Writings on the Wall

Students plan to erect a wall of hate in the quad in order to smash it to bridge the gaps of diversity on campus

<span class='credit'>Photo By: Kristyn Sonnenberg | Photo Editor</span><span class='description'>Students paint bricks with demeaning words to be built into a Wall of Oppression and displayed before being torn down by the community. Bricks are still available  for painting between 11a.m. and 3p.m. today in the Quad.</span>
Photo By: Kristyn Sonnenberg | Photo EditorStudents paint bricks with demeaning words to be built into a Wall of Oppression and displayed before being torn down by the community. Bricks are still available for painting between 11a.m. and 3p.m. today in the Quad.

The students of Brophy & McNerney Halls want to do more than reduce hateful words on campus; they want to tear them down.

The Writing’s on the Wall project constructs a real wall for the community to write racial slurs and other discriminatory terms. The wall is then torn down to symbolize that the community will no longer tolerate oppression and hate.

Project enforcers Bryan Lochan, biology and optometry major, and Cristina Daniel, marketing major, are currently recruiting students to prime the concrete bricks for the six by twelve foot wall. Students, faculty, and the Big Rapids community are free to write a derogatory term on the wall Oct. 5 to Oct. 7 from 11 a.m. to 3 p.m. The wall will be finished by Oct. 17 and unveiled in the quad the next day.

The two resident advisors (RA) participated in a smaller scale wall project during RA training. The impact of that experience and the lack of campus diversity prompted them to expand their experience into a campus-wide event.

“Diversity isn’t just a racial issue, but issues of gender, sexual orientation, and cultural differences,” said Daniel. “There is a need for diversity awareness on many levels.”

<span class='credit'>Photo By: Kristyn Sonnenberg | Photo Editor</span>
Photo By: Kristyn Sonnenberg | Photo Editor

The wall was postponed for a year because of the University Physical Plant’s concerns about injuries. However, after reviewing other campus walls across the country, including the University of Kansas, the University of Tennessee at Martin, Ohio State University, University of Utah. At the persistence of Lochan and Daniel, the project is finally happening here at Ferris.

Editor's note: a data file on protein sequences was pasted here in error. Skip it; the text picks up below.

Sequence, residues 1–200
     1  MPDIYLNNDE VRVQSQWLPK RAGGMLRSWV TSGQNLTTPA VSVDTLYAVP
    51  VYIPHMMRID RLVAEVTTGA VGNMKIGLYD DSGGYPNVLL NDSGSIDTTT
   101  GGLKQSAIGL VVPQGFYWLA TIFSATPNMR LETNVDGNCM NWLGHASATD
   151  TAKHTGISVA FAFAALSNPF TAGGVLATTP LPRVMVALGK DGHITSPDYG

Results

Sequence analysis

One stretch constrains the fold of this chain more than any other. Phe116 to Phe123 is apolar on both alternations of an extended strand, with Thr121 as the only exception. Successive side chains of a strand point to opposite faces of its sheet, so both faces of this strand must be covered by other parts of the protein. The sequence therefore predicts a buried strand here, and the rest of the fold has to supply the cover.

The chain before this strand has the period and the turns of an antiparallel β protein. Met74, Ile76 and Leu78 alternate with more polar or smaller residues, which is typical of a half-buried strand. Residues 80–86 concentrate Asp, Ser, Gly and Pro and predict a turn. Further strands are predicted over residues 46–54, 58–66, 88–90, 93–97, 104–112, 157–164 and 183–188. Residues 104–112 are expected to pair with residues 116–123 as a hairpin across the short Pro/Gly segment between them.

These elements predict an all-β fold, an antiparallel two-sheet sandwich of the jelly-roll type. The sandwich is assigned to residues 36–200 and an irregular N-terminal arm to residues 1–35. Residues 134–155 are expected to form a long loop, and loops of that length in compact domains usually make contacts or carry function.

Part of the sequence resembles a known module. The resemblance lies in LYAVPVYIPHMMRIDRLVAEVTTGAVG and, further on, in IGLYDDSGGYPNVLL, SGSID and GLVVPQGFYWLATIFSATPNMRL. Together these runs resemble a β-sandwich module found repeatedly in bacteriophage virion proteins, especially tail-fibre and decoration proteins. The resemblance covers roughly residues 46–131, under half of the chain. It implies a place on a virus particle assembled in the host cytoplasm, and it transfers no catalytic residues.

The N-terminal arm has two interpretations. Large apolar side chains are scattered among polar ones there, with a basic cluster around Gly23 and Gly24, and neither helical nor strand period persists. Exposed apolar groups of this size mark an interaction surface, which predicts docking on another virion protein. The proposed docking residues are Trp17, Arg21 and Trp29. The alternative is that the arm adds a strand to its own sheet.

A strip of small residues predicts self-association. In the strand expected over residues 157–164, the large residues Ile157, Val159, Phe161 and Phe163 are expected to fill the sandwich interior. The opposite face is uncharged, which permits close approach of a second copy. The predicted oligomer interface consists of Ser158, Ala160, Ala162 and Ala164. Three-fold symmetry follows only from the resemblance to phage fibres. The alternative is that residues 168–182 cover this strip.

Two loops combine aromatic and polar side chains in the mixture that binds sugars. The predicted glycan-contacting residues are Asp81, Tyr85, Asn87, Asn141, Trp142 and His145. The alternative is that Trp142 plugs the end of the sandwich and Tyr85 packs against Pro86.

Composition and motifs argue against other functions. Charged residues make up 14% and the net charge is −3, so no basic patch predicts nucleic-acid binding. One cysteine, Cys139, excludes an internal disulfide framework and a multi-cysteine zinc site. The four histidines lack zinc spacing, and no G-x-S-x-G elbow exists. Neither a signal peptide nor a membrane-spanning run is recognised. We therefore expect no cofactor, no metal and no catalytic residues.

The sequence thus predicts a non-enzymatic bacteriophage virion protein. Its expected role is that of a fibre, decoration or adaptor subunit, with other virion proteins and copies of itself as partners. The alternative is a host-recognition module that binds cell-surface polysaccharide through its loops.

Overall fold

The National Organization for Woman, International Student Organization, Asian Student Organization, Student Government and The National Resident Hall Honorary are also assisting with the construction and demolition of the wall.

Although Daniel and Lochan have apprehensions about the project, both feel the experience will help impact the Ferris community.

“We don’t know what’s going to happen with the wall,” said Lochan. “But that’s the best part of this experience and adds to the event.”

Lochan, who hopes that the wall will become an annual campus event, believes that whether the reactions are good or bad, people will learn from each other and have the opportunity to voice their opinions.

Some of the students involved with the project have witnessed oppression on campus and hope to change people’s minds. Talaya Gordon, pre-criminal justice freshman and Brophy resident, said she has witnessed disabled people needing assistance on campus and no one helps. Gordon is also one of the few women in her program and feels that male perspectives outnumber those of females. Even though Gordon is in the minority, she feels that stereotypes go both ways.

“It’s not a woman, white people, or gay thing,” said Gordon. “It’s a people thing.”

Krystal Whitely, criminal justice major and McNerney resident assisting with priming bricks, does not think that the FSU campus is segregated; however, she does not like the use of slurs and wants people to see the impact of the words.

Corey Potter, psychology and forensic biology major, also works on the Brophy/ McNerney staff and participated as a mediator during small groups testing for the wall project.

“I didn’t think it would have a big impact but it does, and people were bothered by these words,” said Potter. “People don’t believe how powerful words are until they say and see them all at once.”

Transfer students also think that the people on campus are not lacking in diversity because of hate but, rather an inability to step outside of their own cliques

The two-sided wall will be destroyed Oct. 22 in the quad with a discussion in the Rankin Dome afterwards. “Everyone’s a minority at some point in their life,” said Lochan.